Manoj Bajpayee-starrer Family Man trashes moral equivalence
It was good to see that The Family Man is unambiguous about moral equivalence, and doesn’t end up equating the terrorist with the cop
Ravi Shanker Kapoor | June 19, 2021 1:01 pm
Manoj Bajpayee in the web series The Family Man
The award-winning streaming television series, The Family Man, on Amazon Prime Video underlines a couple of important issues of the contemporary world—moral equivalence and guilt. In this article, I will focus on moral equivalence.
“Moral equivalence is the claim that two radically different ethical actors are really doing the same thing and that they should be judged and treated the same way,” says the website conservapedia.com. “For example, if two schoolchildren are scuffling and hitting each other in the playground, a judgment of ‘moral equivalence’ by the teacher may result in separating the two and (perhaps) punishing them both equally (for ‘fighting’).”
The problem with moral equivalence as an ethical doctrine is that it completely sidesteps the crucial issue of right and wrong, says the website. “If one of the children in our example was a notorious school bully, and the other child was fighting back in self-defense, then it would clearly be wrong to punish them both equally.”
Moral equivalence and other similar, postmodern doctrines are the seeds which grow into toxic plants like multiculturalism and political correctness. As is their wont, intellectuals all over the world have blindly accepted and internalized everything that is toxic. As a consequence, they end up providing cover fire for terrorists, particularly jihadists.
In the series, the terrorist Sajid (Shahab Ali) tells the intelligence officer Srikant Tiwari (Manoj Bajpayee) that there is no difference between them; both are on the same moral footing. You kidnapped Moosa’s (another terrorist, who was killed in Season I) mother, Sajid tells Tiwari, while I have abducted your daughter.
This was factually wrong and morally reprehensible. Tiwari had not kidnapped the old lady but only arranged for her to deliver a message to her son so that he should give up the path of terror. Afraid that the attack he had planned would also kill his mother, Moosa tried to abort it; Sajid killed him for that. Tiwari did what he did to save thousands of lives.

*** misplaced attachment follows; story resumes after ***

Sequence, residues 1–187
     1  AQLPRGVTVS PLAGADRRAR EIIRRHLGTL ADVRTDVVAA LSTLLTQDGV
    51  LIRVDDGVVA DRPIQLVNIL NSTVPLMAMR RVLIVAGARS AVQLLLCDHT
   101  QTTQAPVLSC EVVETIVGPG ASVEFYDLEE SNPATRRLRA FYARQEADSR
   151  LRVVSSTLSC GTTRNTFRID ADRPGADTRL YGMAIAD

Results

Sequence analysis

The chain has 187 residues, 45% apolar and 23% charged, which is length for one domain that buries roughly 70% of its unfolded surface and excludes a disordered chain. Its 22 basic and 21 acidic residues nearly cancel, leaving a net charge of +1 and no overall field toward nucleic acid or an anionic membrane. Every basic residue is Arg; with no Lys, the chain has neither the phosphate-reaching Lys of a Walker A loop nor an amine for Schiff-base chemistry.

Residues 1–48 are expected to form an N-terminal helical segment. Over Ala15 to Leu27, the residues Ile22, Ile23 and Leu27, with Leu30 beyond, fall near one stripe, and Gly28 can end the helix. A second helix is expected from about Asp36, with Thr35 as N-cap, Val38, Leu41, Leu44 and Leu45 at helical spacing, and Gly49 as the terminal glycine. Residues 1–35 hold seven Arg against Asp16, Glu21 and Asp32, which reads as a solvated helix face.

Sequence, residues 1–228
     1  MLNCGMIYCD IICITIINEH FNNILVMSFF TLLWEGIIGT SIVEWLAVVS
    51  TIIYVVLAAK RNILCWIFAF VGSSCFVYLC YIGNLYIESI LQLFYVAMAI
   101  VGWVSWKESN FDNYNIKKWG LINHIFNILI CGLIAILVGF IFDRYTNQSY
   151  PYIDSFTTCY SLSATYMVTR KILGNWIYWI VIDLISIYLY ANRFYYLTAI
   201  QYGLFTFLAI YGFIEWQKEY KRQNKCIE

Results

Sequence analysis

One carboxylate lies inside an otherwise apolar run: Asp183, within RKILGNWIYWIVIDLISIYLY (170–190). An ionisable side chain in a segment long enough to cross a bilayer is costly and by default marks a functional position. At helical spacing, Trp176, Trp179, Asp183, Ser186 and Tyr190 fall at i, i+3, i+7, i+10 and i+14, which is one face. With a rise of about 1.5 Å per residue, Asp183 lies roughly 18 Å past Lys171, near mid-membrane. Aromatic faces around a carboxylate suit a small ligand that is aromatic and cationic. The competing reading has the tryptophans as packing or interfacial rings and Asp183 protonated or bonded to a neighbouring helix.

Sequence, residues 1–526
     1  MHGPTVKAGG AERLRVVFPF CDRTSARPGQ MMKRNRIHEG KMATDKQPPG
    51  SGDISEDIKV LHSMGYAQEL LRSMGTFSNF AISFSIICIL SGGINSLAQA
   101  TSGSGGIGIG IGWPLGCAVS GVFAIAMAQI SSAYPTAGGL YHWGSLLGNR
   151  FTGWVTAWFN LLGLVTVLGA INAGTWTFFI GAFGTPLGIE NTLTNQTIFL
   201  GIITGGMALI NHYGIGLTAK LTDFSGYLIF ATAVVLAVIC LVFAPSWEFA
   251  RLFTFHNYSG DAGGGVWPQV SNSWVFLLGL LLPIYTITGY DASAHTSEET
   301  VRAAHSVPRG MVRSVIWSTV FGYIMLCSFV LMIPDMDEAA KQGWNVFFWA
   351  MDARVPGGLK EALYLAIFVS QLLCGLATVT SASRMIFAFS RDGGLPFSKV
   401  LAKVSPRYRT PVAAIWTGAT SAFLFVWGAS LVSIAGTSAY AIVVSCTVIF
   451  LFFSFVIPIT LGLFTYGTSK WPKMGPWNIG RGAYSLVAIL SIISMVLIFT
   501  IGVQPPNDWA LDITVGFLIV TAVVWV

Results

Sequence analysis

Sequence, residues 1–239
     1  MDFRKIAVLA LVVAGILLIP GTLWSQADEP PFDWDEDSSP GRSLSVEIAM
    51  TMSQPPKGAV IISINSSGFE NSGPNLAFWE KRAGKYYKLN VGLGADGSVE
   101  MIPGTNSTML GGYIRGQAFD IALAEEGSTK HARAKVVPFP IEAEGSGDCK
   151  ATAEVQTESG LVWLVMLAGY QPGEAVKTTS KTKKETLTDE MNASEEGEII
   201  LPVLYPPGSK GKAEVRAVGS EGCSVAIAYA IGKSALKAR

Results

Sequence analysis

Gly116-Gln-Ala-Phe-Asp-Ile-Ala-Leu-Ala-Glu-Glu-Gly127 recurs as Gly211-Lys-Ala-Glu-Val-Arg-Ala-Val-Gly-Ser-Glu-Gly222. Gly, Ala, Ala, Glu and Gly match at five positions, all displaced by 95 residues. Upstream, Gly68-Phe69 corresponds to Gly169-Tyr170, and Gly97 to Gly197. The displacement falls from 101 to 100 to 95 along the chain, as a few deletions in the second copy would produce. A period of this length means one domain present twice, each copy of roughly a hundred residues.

Sajid, on the other hand, actually kidnapped Tiwari’s daughter, adopting the Love Jihad tactic, and wanted to use her to force Tiwari give up the assignment to check a mass slaughter that he (Sajid) had planned.
Sajid is not only a murderer but also a sadist; he also wanted to hack the teenaged girl to death—just to teach Tiwari a lesson. And yet he had the cheek to say that essentially he and Tiwari are similar: both are killers, after all. Sajid misses a simple point, and wants the entire world miss that too: he kills people for his ideological, religious purposes, whereas Tiwari kills people like him (Sajid)—and that too when necessary. At worst, Tiwari uses his licence to kill but Sajid is a murderer plain and simple.
The rapist and the cop are not on the same moral footing, nor the arsonist and the firefighter are. Most people would make the difference between the two. But intellectuals are different, surely from most people.
An example: they say that India and Pakistan should resolve their issues, thus presenting the two countries as morally similar entities. The truth, however, is that Pakistan is the engine of jihad which exports terror all over the world, especially to India. New Delhi wants to this end—a reasonable demand. Therefore, the responsibility of making the bilateral ties cannot be apportioned equally; it depends more, if not entirely, on Pakistan if it wants to normalize relations with India.
It was good to see that The Family Man is unambiguous about moral equivalence, and doesn’t end up equating the terrorist with the cop.